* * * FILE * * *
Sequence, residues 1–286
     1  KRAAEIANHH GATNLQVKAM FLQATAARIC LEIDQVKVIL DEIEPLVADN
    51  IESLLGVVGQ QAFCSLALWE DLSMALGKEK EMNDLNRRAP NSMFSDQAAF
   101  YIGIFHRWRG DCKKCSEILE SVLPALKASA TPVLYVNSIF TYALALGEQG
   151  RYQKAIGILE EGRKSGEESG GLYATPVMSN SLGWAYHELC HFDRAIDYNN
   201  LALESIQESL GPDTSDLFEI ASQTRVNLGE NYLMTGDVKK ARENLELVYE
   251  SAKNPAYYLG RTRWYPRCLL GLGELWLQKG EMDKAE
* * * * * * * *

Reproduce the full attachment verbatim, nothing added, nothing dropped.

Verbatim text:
Sequence, residues 1–286
     1  KRAAEIANHH GATNLQVKAM FLQATAARIC LEIDQVKVIL DEIEPLVADN
    51  IESLLGVVGQ QAFCSLALWE DLSMALGKEK EMNDLNRRAP NSMFSDQAAF
   101  YIGIFHRWRG DCKKCSEILE SVLPALKASA TPVLYVNSIF TYALALGEQG
   151  RYQKAIGILE EGRKSGEESG GLYATPVMSN SLGWAYHELC HFDRAIDYNN
   201  LALESIQESL GPDTSDLFEI ASQTRVNLGE NYLMTGDVKK ARENLELVYE
   251  SAKNPAYYLG RTRWYPRCLL GLGELWLQKG EMDKAE